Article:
The power to control immigration is vested solely in Congress. Fong Yue Ting v. U.S., 149 U.S. 698, 713 (1893). The statutory scheme enacted by Congress is pervasive, and a state may not enact statutes or regulations which curtail, interfere with or conflict with the comprehensive Congressional program. Hines v. Davidowitz, 312 U.S. 52 (1941).
A state may, in appropriate circumstances, limit the participation of noncitizens in the state's political and governmental functions. See Toll v. Moreno, 458 U.S. 1, Footnote 17 (1982), and cases cited therein. It is our opinion, however, that if challenged, a state law which charges a higher rate of tuition at state universities to foreign nationals than the rate charged other nonresidents of Texas would not be upheld by the courts.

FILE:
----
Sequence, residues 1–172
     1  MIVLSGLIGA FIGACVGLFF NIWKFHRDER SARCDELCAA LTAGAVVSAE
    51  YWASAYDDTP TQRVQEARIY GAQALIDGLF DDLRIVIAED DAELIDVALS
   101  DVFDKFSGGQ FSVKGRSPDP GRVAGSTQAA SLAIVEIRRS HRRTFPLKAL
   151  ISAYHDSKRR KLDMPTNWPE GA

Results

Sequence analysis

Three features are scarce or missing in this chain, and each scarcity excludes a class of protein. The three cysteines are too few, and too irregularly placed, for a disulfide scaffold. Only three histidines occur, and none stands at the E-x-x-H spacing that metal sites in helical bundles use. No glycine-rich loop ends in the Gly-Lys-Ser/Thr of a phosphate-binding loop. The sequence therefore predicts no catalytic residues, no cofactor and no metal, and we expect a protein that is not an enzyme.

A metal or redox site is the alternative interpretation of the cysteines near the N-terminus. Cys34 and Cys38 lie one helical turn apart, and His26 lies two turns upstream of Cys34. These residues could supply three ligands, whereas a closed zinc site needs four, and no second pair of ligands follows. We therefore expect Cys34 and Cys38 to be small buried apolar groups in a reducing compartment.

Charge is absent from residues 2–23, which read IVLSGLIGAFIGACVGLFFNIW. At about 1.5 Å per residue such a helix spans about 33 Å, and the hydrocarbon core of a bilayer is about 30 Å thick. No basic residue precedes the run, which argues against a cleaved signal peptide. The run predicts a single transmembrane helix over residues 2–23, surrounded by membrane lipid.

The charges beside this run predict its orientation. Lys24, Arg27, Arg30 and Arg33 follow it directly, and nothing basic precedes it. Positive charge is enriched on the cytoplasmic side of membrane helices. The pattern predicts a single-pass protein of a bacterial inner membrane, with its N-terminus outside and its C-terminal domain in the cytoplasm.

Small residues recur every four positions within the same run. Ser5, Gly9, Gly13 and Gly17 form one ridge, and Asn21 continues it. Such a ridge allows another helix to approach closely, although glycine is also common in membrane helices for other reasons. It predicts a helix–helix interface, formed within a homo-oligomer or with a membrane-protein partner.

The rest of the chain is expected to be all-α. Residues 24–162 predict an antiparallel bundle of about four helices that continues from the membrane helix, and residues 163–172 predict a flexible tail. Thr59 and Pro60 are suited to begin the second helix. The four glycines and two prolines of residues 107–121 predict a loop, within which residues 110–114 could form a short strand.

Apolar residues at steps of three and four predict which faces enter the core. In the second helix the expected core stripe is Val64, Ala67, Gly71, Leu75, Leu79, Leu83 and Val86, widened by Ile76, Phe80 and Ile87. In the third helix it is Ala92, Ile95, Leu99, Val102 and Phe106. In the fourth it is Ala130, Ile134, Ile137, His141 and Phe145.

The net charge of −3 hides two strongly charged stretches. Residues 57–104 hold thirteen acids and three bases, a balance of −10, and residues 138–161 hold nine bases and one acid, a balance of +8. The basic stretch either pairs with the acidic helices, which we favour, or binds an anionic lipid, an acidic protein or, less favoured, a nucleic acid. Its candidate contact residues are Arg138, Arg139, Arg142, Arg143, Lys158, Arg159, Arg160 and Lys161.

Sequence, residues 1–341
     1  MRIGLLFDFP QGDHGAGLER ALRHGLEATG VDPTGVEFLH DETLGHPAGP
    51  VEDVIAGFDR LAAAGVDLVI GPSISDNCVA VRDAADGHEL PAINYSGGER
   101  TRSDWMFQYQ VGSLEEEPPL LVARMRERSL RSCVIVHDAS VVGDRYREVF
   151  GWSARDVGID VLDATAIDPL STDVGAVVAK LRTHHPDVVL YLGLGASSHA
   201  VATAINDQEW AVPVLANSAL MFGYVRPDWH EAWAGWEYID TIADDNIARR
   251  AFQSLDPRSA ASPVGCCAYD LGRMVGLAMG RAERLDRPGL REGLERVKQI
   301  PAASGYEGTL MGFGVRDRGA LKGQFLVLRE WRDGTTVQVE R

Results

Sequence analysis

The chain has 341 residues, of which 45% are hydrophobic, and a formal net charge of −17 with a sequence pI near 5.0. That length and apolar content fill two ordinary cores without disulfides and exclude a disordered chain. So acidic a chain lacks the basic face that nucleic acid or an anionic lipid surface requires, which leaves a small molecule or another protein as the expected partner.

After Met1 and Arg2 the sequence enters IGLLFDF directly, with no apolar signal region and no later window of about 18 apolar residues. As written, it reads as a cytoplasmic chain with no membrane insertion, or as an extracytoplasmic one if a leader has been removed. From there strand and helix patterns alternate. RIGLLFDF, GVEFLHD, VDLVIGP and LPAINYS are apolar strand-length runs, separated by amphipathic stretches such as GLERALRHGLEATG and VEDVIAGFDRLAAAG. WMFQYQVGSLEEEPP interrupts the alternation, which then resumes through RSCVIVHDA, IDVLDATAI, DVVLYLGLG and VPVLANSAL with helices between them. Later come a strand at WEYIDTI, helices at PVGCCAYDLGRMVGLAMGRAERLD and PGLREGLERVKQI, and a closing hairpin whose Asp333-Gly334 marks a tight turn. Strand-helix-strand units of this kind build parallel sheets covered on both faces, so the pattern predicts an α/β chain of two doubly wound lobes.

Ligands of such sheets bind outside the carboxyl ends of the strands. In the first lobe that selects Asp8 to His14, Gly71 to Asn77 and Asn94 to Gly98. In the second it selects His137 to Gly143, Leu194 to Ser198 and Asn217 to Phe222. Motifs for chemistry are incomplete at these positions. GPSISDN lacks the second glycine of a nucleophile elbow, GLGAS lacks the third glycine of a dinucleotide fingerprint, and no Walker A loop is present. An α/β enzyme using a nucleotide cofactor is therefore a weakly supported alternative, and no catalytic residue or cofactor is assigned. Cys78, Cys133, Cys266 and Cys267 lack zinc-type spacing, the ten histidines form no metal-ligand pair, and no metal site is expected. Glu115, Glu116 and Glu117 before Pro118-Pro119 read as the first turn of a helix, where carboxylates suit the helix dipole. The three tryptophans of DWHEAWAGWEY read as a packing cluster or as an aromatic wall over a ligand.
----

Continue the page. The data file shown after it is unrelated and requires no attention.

A state law which charges a higher rate of tuition at state institutions of higher education to foreign nationals than the rate charged other nonresidents of Texas would raise serious constitutional issues, such as the issue of equal protection under the Fourteenth Amendment to the United States Constitution and under the Texas Constitution and interference with the federal government's exclusive right to control foreign policy and the immigration and admission of aliens to the United States.
Very truly yours,
Attorney General of Texas
First Assistant Attorney General
David R. Richards
Executive Assistant Attorney General
Chairman, Opinion Committee
Prepared by Nancy Sutton
Assistant Attorney General